|Benefits of OCaml|
Benefits of OCaml
Most languages provide a construct that allows the flow of execution to take one of several paths depending on the value of an expression. OCaml provides a construct known as pattern matching that is more powerful for two main reasons:
Pattern matching is a large subject. Let us examine some of the pattern matching capabilities offered by OCaml.
The OCaml compilers check pattern matches at compile-time to ensure that they are exhaustive (all possible inputs match at least one pattern, i.e. no values "escape" the pattern match) and contain no redundant patterns. Any inexhaustive or redundant patterns incur a warning (rather than an error).
For example, the following function tests for the empty list but does not provide an alternative for non-empty lists:
# let is_empty = function |  -> true;; Warning: this pattern-matching is not exhaustive. Here is an example of a value that is not matched: _::_ val is_empty : 'a list -> bool = <fun>
Note that the compiler provides an example
The following function tests for an empty list, returning
# let is_empty = function |  -> true | _::_ -> false | _ -> false;; Warning: this match case is unused. val is_empty : 'a list -> bool = <fun>
As the first two patterns match all possible lists, the third pattern is redundant and the compiler emits a warning about it.
Pattern matching is not only used to perform an action based upon the structure of a value, such as the emptiness of a list, it can also be used to dissect data structures by binding variables to parts of the data structure.
For example, the following function sums the integers in a list by adding the head to the sum of the tail:
# let rec sum list = match list with |  -> 0 | head::tail -> head + sum tail;; sum : int list -> int = <fun> # sum [1; 2; 3];; - : int = 6
The second pattern matches any list with at least one element, binding the variable
Parallel pattern matching
The ability to dissect multiple data structures simultaneously can be of great benefit. This is known as parallel pattern matching and is implemented by simply matching over a tuple of the data structures.
For example, the following recursive function tests if every pair of elements in a pair of lists sum to zero:
# let rec f list1 list2 = match list1, list2 with | h1::t1, h2::t2 -> h1+h2=0 && f t1 t2 | _, _ -> true;; val f : int list -> int list -> bool = <fun>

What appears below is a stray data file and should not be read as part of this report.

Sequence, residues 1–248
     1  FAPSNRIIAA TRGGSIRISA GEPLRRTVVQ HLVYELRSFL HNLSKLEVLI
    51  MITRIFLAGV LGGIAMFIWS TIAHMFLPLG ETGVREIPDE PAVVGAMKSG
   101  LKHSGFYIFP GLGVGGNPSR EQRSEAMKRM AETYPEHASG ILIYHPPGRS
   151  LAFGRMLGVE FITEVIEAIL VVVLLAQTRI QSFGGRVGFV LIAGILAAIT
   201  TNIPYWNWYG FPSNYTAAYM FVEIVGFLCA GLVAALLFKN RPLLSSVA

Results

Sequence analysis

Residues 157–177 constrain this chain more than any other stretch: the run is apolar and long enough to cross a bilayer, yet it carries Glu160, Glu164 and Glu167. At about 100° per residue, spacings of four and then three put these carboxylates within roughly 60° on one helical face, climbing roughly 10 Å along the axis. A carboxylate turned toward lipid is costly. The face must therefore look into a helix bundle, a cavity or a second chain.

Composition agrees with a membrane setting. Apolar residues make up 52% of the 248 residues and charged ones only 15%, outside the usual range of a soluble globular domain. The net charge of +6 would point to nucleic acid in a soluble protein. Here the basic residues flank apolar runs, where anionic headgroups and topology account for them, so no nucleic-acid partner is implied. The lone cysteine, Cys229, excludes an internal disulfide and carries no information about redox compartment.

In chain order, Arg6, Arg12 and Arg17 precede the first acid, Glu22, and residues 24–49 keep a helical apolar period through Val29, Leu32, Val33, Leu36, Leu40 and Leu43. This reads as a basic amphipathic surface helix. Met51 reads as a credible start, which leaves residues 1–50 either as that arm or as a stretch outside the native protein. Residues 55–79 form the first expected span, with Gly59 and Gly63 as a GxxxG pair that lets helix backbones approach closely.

Parallel pattern matching is one of the more powerful features of pattern matching and allows related data structures to be decomposed simultaneously. Moreover, parallel pattern matches are also compiled into efficient code.
Multiple patterns may invoke the same expression. For example, the following function returns
# let f = function |  | [_] -> true | _::_::_ -> false;; val f : 'a list -> bool = <fun> # f ;; - : bool = true
OCaml extends this core functionality to allow or-patterns in subpatterns. For example, the following function counts the number of 0s and 1s in the given list:
# let rec count = function |  -> 0 | (0|1)::t -> 1 + count t | _::t -> count t;; val count : int list -> int = <fun> # count [1; 2; 3; 0; 1; 2; 3];; - : int = 3
In OCaml, patterns may have arbitrary boolean guard expressions associated with them, such that they can only match when the guard expression evaluates to
For example, the following function counts the number of 0s and 1s in the given list using a guard expression:
# let rec count = function |  -> 0 | h::t when h=0 || h=1 -> 1 + count t | _::t -> count t;; val count : int list -> int = <fun> # count [1; 2; 3; 0; 1; 2; 3];; - : int = 3
Pattern matching is one of the most useful features of OCaml. In addition to providing an elegant and efficient means to dispatch computation, pattern matches are subjected to static checks beyond static type checking. Thus, pattern matching accelerates development and improves both reliability and performance.
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